BY: MICHAEL LYONS
I’m stripped down to my underwear in front of a room full of friends and strangers. “I’m unfortunately not going to get completely naked,” I say. There’s a quizzical murmur; the event, after all, is titled “Naked Boys Reading For World Pride.” I drop my undies and kick them off, then point to my glasses — thankfully, there’s some generous, appreciative chortling. “I’m so glad you laughed,” I say, “I’ve been planning that joke for months.”
With that, I open my copy of Thomas Mann’s Death In Venice and, completely naked save my eyewear, I start to read.
I was inspired to organize a Toronto Pride edition of Naked Boys Reading after I stumbled across some pictures of the London-based event — hot, naked guys plus classical literature… you do the math. Little did I know, the sexy art salon has a bit of history with Toronto; it’s actually something of a global movement.
Organizer R Justin Hunt started NBR over two years ago, as a cousin to Naked Girls Reading, an event that originated on Chicago’s burlesque scene. The brainchild of showgirl Michelle L’amour and her partner, Franky Vivid, after the first NGR early in 2009, the intimate live event spread internationally, became branded, and has taken place in more than two dozen cities; from Washington DC to Melbourne, from Cape Town, South Africa to Toronto, Canada.
The events themselves are… well, exactly what they sound like: A literary salon where a handful of readers strip down and read a selection of literature. Sometimes the evenings are themed — Naked Girls Reading did “A Christmas Carol” over the holidays, Naked Boys Reading’s upcoming monthly event is: “Fairy Tales.” When I was organizing the Toronto Pride NBR, Hunt suggested a drag queen host, so I hunted down my favourite local queen of filth, Igby Lizzard, who topped off our evening with a number that showcased her deep-throating a dildo — a real wholesome touch.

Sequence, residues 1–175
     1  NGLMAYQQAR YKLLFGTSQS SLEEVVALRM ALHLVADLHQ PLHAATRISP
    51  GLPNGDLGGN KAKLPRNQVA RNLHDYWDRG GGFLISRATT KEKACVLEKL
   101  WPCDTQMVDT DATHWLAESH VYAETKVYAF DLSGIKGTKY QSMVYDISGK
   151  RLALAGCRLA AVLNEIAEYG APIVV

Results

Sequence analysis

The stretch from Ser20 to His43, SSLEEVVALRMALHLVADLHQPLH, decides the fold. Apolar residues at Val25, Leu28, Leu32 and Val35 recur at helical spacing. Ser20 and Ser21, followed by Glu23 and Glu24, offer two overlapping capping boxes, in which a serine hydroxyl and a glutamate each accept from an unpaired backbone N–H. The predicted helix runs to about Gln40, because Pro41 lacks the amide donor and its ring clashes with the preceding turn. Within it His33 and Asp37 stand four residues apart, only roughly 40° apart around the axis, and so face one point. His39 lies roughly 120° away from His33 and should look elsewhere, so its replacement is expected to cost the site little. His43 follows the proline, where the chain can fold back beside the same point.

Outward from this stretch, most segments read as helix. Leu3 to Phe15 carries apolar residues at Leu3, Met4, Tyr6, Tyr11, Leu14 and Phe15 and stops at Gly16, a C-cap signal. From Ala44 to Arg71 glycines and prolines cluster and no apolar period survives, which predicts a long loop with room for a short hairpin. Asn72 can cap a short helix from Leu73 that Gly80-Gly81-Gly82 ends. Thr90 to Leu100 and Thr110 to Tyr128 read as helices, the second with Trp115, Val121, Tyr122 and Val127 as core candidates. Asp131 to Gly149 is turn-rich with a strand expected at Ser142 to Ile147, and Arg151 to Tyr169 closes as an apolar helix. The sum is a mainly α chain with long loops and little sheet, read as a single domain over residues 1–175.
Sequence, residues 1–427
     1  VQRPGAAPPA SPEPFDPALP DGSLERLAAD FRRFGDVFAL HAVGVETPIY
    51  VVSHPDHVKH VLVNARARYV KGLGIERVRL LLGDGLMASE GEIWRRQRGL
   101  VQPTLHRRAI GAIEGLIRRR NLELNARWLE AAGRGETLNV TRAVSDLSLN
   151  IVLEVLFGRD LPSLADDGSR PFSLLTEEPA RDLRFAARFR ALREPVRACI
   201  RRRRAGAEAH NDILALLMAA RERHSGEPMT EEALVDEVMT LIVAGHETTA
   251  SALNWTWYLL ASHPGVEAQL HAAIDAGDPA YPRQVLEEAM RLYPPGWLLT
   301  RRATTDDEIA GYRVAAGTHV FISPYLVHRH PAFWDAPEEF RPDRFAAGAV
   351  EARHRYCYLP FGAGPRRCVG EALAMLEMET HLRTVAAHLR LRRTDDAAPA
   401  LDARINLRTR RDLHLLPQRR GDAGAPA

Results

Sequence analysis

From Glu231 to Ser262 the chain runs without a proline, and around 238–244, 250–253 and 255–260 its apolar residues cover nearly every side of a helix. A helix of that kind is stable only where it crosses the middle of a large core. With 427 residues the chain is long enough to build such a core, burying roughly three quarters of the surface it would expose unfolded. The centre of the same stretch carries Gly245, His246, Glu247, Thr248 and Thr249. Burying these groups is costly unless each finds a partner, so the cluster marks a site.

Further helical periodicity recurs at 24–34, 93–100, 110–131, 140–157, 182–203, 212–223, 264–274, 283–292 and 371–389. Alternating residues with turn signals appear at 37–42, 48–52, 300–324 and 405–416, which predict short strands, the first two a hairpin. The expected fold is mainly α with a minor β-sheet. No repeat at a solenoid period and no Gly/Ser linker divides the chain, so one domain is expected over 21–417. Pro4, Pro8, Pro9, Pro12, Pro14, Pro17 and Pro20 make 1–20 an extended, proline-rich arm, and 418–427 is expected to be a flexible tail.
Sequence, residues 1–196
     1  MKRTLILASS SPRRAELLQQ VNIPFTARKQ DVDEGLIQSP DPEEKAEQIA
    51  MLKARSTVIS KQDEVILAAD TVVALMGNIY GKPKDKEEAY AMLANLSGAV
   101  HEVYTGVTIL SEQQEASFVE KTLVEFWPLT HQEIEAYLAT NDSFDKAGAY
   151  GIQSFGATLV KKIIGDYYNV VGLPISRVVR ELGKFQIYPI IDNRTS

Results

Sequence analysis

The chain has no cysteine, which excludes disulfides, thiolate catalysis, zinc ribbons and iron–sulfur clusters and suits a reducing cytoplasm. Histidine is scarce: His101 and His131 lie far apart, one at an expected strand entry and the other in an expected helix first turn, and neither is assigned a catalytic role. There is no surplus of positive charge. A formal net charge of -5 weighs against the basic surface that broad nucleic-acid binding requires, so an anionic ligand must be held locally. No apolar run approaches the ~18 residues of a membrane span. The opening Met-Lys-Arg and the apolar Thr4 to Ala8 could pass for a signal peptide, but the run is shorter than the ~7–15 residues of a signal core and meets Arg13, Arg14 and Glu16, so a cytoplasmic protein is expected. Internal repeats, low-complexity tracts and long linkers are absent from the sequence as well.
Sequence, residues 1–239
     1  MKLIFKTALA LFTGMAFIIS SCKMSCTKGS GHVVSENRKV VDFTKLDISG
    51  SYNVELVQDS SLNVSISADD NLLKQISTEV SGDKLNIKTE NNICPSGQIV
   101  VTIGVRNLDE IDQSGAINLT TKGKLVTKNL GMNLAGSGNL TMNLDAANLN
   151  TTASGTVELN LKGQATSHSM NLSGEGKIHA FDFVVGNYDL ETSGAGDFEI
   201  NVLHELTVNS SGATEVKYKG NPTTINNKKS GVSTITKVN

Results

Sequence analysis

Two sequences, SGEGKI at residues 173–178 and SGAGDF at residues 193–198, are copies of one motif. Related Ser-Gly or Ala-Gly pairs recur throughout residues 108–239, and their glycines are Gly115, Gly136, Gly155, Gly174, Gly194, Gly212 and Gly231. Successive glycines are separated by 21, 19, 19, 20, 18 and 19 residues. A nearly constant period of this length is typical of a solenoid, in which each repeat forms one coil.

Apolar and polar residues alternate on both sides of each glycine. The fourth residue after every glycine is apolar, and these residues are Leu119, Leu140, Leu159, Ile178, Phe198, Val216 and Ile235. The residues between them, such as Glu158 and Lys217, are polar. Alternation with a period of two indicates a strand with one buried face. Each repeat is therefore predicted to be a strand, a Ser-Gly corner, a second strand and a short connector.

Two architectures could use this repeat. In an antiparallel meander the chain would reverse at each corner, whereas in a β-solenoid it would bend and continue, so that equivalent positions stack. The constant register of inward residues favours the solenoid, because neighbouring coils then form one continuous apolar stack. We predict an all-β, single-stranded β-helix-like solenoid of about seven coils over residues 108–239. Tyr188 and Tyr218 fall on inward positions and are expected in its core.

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“We hope that people get an exposure to various literary forms in a different and intimate way,” says Hunt, who is the producer and host of the London events. “Our focus at NBR is to educate and to titillate! We’re so happy that the audiences keep coming back and love when new folks join us.”
NBR London is doing yearlong residencies at venues in London and Brighton and, like the separate Naked Girls Reading event before it, is coalescing into its own distinct brand with London as the flagship event. On top of their monthly event in January, NBR will be hosting a “brunch” version as well — meat and two veg, any one?
“Our recent ‘holiday’ editions at Camden’s [performing arts venue] Roundhouse were great in this way, bringing a bunch of new folks in to see how we’re playing with both nudity and literature, but also the way we structure the salon,” Hunt says. “We certainly hope that we sustain people’s interest and are always looking for new curators and readers to add new dimensions to our work.”
While Naked Girls Reading Toronto continues to offer its own titillating tales, the NBR Pride edition might become a tradition. After the first event that saw myself and three other boys baring all with our books I had a couple of guys contact me, wanting to sign up to read for the next one.
The success of the events just goes to show that there’s a little bit of voyeur in every literary enthusiast, and vice versa; it indulges the intellectual pervert in us all. Naked Boys Reading For World Pride was laid back, sexy, strange and, most importantly, funny. At one point I’m reading my excerpt from the pervy classic, Death In Venice, and — if I remember correctly — when I read a section describing the “one orderly whole,” there were some juvenile snickers in the audience, and laughter breaks out.
“Wow,” I say, “I guess reading naked really changes the meaning of things.”